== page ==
This is a situation that makes me wonder how people can believe in post-feminism. This is blatant sexism. Not to mention extreme injustice. What did she do wrong that she should be punished for? Having sex out of wedlock? Because that was her fault? Sounds to me like she's being punished for having a functioning womb that fertilized her attackers seed?
Isn't the rape and the unwanted pregnancy enough punishment? Even if they feel like it was her fault, 101 lashes?! The article said that she passed out during the lashing and did not regain consciousness for 2 hours.
And what about her attacker? Apparently because she didn't file a formal complaint, they aren't going to pursue this guy. Did anyone file a complaint about her? If she's being lashed for being a slut he should be lashed for being a terrible person.
Not only did her attacker cause her suffering from her punishment, but he has ruined her entire life. He ruined her marriage and any other future chances at marriage she had, not to mention her emotional state. This poor girl "just wants justice" but is being punished for both getting raped in the first place and keeping her mouth shut.
Fortunately, there is a human rights advocate group that allows victims to file separate cases against their attackers outside of their local governments. Hopefully, this will bring some justice but justice can only do so much for this girl after she has already lost so much.
photo courtesy of oomo via flickr
I am slightly ashamed to admit that I am guilty of being ignorant of the lyrics because my judgment is clouded by the catchy-ness of it. After a couple of run-throughs of the album, the feminist in me starts pointing out all of the things wrong with her lyrics. Part of the appeal of Ke$ha's music is that she is bold enough to write songs some of these songs without worrying about who she's offending. It is the shock and awe mentality. This audacity can sometimes be a good thing, but a lot of the time it can be shocking in a bad way.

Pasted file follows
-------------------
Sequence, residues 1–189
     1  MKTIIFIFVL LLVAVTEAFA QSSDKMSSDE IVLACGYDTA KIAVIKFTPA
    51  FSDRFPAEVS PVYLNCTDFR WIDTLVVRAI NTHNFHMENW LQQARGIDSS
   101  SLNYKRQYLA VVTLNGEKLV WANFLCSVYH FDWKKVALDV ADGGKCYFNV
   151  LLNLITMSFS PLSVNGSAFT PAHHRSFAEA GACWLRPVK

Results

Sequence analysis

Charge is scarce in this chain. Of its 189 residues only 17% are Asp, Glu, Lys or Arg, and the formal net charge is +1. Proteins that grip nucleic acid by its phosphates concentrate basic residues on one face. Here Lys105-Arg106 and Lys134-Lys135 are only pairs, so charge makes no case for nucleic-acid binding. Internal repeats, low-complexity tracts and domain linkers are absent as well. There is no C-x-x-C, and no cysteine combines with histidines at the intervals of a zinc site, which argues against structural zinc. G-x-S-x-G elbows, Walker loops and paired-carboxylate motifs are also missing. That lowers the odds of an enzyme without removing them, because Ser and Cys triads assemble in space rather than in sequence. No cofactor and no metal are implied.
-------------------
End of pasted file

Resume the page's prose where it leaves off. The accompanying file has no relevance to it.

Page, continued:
Blah Blah Blah is one of her songs in particular that I've been trying to decide whether it is okay or not. I had kind of lost steam in on my inter-cranial debate until I saw Feministing, The Sexist, and bitchmedia's commentary on the song.
Ke$ha is basically telling a guy to stop talking and just have sex with her:
A surprising switch in gender roles. Most of the time we assume that guys want to avoid the talking and get down the business but Ke$ha is turning the tables. It is good to see females breaking out of the docile, prude mold and showing they can be openly sexual. Ke$ha's music gives females a role model who shows them it is okay to be loud and say whatever outrageous things they want to say. Now is Ke$ha a good influence for young girls who are listening to her lyrics about drinking, partying, and having casual sex? Probably not, but that's a whole other debate.
"Don’t be a little bitch with your chit chat...Meet me in the back with the Jack and the jukebox
Just show me where your dick’s at.
So cut to the chase kid
Cuz I know you don’t care what my middle name is
I wanna be naked but you’re wasted.
While she is showing the public that women can break the stereotype, she hints at non consensual sexual activity, which is not something we want males or females doing. A lot of people will make the argument that she is not being serious and she is not actually an advocate of date-rape, but why is it okay that she's joking about it? Date-rape affects both males and females in a very non-humorous way so why is it funny to make a joke out of their experiences?
If a man wrote a song with the same lyrics, feminists would pounce on him in an instant, but because Ke$ha is a female does that make it okay?
Thoughts on whether or not Ke$ha's song is acceptable or not?
Comment or email me at email@example.com
photo courtesy of Edo Peltier via Flickr
I’d like to share with you a relatively unique experience I had with FMF. I attended the Stop Stupak Coalition Meeting and Lobby Day on January 20. There were 2 other FMF interns in attendance, and a group of FMF staff members led the way into my first experience in the world of lobbying.
The day began with a collective meeting of a variety of women’s rights groups, including Planned Parenthood, the National Organization for Women and many others. There were several keynote speakers who reminded us of our goals that day.